A Good Average

Dec 14, 2022

Christmas is coming, the goose is getting fat, please put a penny in the old man’s hat.  

Or not, because Christmas is swiftly followed by January, and we all know what that means … those dreaded January tax bills. The old man is going to have fend for himself this year, I’m afraid. 

This is particularly the case currently as the price of wheat meant a lot of farmers, particularly the big arable boys and girls, had a cracking year last year. Profits were up and as tax bills will be based on profits in the 12 months to April 5, 2022, that might make for some eye watering sums.  

So, is there anything that can be done to smooth those tax bills out and make them more palatable in the year’s most depressing month? 

Well yes, actually, there is!  

Averaging profits 

If you’re concerned about facing a crippling tax bill that essentially penalises you for being good at your job, you may be able to average them out over the past two or five years, to make your tax burden less bothersome.  

The regulations governing this were introduced in April 2016 and unsurprisingly, they come with some conditions. For example, to average your profits over a five year period, the average of the previous four years’ profits and the fifth year’s profits cannot be in within 75% of each other.  

The same rule applies for average over two years – the current year’s profits and the previous year’s must not be within 75% of each other.  

If a farmer makes a loss in any of those years, this will be treated as zero for tax purposes, but the losses remain available for standard tax relief.  

To qualify, averaging claims must be made within 12 months of the normal self-assessment filing date for the latest year to which the claim relates.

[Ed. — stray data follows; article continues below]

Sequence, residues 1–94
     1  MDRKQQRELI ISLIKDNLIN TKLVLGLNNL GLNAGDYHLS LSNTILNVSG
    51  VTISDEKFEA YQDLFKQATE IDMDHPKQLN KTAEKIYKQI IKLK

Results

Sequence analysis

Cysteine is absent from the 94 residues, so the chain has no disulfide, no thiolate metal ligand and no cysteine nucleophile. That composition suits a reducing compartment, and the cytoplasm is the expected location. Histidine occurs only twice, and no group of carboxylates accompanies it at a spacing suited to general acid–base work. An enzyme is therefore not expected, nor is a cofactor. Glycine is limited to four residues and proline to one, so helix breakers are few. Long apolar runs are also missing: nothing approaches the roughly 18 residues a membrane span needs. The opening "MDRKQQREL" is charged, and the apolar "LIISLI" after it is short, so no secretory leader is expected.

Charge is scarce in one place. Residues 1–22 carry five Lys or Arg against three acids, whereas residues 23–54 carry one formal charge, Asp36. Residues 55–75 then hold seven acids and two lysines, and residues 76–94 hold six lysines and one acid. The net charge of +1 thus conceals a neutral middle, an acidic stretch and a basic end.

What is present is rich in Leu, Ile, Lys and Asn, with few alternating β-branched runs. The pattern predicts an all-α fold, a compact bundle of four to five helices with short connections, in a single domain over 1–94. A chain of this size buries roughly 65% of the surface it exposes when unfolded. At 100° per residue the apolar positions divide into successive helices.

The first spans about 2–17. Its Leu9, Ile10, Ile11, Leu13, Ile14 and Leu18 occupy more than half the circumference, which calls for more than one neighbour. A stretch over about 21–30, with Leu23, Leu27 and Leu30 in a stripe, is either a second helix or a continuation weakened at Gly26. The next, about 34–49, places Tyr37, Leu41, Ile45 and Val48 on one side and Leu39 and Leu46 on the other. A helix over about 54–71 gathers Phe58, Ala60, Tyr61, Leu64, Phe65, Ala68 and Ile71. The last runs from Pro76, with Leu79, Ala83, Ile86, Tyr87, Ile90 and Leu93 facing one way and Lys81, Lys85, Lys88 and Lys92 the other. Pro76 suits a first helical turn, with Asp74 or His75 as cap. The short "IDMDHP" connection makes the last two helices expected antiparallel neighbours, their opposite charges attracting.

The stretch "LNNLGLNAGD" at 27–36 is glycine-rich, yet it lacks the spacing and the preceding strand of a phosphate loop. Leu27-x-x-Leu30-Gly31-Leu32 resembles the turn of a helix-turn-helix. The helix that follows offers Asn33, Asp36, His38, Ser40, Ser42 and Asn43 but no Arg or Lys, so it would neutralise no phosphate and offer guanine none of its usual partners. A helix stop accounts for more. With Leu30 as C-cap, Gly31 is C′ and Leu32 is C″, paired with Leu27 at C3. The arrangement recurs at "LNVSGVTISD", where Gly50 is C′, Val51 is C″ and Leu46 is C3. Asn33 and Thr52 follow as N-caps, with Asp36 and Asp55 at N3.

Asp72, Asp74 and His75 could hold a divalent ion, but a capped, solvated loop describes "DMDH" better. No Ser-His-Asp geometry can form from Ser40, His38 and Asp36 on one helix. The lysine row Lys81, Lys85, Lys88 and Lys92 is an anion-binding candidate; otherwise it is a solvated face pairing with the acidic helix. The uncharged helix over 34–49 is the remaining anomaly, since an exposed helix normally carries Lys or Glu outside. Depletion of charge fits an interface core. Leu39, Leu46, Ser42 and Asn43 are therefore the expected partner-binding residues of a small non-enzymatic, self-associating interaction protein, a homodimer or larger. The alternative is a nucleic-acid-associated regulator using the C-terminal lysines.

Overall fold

Income tax only  

Although averaging is undoubtedly a good way to make tax more manageable, it does have some restrictions.  

Firstly, it applies to income tax only, not corporation tax, so isn’t available to incorporated farm businesses. Partners in a farming partnership can claim averaging pro rata to their share of the business.  

Initially, new entrants into agricultureal cannot access the scheme as it requires a minimum of two years’ trading history, and it cannot be used for non-farming income streams such as diversification projects, rental incomes, or renewable energy schemes.  

But if you meet the criteria, averaging can be an effective way of spreading out your tax bills and perhaps bringing you enough peace of mind to enjoy the festive season.  

Maybe you can afford to give the old man a little loose change after all! 

If you are expecting a large tax bill in January and you think average might be one way to deal with it, why not discuss it with our experts? Get in touch on (01295) 270200 or email ianp@whitleystimpson.co.uk. 

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